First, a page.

On January 19, 2022 the CDC issued an Early Release of their . Of course, you would have expected it to conclude that “Primary vaccination, additional doses, and booster doses are recommended for all eligible persons.”
But, there was a very interesting statement that preceded this conclusion. “By early October, persons who survived a previous infection had lower case rates than persons who were vaccinated alone.”
One of the 4 cohorts studied was “unvaccinated with a previous COVID-19 diagnosis”. The MMWR report states, “By the week beginning October 3, compared with COVID-19 cases rates among unvaccinated persons without a previous COVID-19 diagnosis, case rates among vaccinated persons without a previous COVID-19 diagnosis were 6.2-fold (California) and 4.5-fold (New York) lower; rates were substantially lower among both groups with previous COVID-19 diagnoses, including 29.0-fold (California) and 14.7-fold lower (New York) among unvaccinated persons with a previous diagnosis, and 32.5-fold (California) and 19.8-fold lower (New York) among vaccinated persons with a previous diagnosis of COVID-19. During the same period, compared with hospitalization rates among unvaccinated persons without a previous COVID-19 diagnosis, hospitalization rates in California followed a similar pattern.”
So, if you already had COVID-19 you were already about 4 times less likely to be reinfected and hospitalized than if you did not ever have COVID-19 and were vaccinated. Vaccination for previously infected individuals achieved protection from reinfection and hospitalization that was just slightly greater than protection that remained without ever being vaccinated.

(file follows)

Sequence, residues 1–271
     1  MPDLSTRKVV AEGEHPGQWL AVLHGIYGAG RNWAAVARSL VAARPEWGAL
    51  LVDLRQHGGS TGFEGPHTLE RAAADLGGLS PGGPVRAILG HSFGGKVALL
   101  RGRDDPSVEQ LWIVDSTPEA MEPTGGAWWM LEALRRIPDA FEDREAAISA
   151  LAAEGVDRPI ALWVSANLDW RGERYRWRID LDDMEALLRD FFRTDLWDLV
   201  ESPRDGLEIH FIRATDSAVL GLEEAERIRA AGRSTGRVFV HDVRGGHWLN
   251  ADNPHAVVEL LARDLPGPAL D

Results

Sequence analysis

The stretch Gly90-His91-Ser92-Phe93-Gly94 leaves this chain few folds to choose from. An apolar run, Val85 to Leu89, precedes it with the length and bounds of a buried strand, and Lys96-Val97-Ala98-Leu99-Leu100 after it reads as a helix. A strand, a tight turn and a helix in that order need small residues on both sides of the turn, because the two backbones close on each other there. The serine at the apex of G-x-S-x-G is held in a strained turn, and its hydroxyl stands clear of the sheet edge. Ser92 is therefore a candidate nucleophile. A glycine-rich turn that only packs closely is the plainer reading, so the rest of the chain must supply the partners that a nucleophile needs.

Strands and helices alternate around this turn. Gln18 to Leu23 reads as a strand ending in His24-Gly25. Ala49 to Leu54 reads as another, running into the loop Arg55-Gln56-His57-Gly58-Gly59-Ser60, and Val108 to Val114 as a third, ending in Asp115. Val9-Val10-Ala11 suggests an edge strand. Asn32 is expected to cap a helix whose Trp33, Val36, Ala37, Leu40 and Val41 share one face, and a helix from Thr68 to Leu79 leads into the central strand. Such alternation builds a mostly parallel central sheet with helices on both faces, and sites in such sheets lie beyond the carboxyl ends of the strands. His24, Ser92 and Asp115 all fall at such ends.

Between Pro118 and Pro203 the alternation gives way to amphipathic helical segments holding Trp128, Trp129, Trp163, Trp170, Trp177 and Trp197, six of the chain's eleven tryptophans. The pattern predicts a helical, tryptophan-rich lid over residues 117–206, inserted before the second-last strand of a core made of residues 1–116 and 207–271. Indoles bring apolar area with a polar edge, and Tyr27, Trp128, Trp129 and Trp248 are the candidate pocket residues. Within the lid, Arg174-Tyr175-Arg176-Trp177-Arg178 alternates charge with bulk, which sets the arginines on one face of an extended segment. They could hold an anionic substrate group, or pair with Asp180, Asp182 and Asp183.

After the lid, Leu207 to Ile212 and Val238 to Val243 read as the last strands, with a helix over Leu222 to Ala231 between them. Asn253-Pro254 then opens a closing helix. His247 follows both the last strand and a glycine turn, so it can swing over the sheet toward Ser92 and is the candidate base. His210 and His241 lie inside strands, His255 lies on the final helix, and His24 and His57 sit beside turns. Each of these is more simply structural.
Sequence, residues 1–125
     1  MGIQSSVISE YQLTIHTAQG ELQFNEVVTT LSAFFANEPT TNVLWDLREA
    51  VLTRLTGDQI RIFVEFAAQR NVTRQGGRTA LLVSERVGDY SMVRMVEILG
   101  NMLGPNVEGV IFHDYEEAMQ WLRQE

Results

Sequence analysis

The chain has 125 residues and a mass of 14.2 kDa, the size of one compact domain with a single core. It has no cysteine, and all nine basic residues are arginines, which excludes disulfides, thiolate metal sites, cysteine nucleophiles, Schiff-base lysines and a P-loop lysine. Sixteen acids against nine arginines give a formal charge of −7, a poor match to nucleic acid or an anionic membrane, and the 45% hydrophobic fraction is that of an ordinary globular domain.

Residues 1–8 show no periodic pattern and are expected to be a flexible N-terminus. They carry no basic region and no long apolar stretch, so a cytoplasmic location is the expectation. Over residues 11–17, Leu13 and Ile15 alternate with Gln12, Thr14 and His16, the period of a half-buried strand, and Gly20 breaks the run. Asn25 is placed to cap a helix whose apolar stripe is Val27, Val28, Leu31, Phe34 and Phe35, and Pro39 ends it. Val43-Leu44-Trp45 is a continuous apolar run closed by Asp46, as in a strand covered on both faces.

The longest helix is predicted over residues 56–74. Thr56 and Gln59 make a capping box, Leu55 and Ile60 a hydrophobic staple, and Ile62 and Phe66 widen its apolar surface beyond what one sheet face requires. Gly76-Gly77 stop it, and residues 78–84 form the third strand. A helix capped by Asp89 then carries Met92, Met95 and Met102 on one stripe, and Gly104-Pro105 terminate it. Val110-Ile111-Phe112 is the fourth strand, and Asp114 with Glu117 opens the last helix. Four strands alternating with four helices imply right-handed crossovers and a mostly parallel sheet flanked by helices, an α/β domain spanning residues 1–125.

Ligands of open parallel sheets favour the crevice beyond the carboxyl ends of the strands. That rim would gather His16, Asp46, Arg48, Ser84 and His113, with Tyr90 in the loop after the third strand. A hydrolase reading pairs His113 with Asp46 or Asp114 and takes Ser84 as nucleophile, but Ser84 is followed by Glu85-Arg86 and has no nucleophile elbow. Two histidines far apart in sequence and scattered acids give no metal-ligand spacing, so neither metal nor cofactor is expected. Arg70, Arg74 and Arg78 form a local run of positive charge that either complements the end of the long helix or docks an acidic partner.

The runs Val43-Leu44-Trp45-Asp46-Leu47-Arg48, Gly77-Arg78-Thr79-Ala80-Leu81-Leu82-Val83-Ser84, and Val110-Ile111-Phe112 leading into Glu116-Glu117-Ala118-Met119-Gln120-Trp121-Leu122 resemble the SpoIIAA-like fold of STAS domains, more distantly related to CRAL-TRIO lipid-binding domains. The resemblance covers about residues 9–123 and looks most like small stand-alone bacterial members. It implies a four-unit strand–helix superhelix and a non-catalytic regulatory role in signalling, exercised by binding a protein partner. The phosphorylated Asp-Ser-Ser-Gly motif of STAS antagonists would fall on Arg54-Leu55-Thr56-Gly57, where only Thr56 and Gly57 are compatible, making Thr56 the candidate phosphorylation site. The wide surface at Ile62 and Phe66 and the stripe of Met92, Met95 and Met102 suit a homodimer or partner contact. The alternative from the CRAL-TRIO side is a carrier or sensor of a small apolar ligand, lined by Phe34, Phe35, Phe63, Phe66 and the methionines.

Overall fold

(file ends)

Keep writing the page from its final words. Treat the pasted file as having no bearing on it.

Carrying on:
This is finally recognition of natural immunity.
From the Discussion section of the report, “Case rates were initially lowest among vaccinated persons without a previous COVID-19 diagnosis; however, after emergence of the Delta variant and over the course of time, incidence increased sharply in this group, but only slightly among both vaccinated and unvaccinated persons with previously diagnosed COVID-19. Across the entire study period, persons with vaccine- and infection-derived immunity had much lower rates of hospitalization compared with those in unvaccinated persons. These results suggest that vaccination protects against COVID-19 and related hospitalization and that surviving a previous infection protects against a reinfection. Importantly, infection-derived protection was greater after the highly transmissible Delta variant became predominant, coinciding with early declining of vaccine-induced immunity in many persons.”
As a result of this study, it is questionable if there is now any merit at all to vaccine mandates by the Federal government, states or private employers that apply to individuals who have already had COVID-19 as evidenced by previous testing and recovery or by antibody testing.
“By November 30, 2021, approximately 130,781 COVID-19–associated deaths, one in six of all U.S. deaths from COVID-19, had occurred in California and New York.
Primary COVID-19 vaccination, additional doses, and booster doses are recommended by CDC’s Advisory Committee on Immunization Practices to ensure that all eligible persons are up to date with COVID-19 vaccination, which provides the most robust protection against initial infection, severe illness, hospitalization, long-term sequelae, and death.
Similar data accounting for booster doses and as new variants, including Omicron, circulate will need to be assessed. Additional recommendations for vaccine doses might be warranted in the future as the virus and immunity levels change.”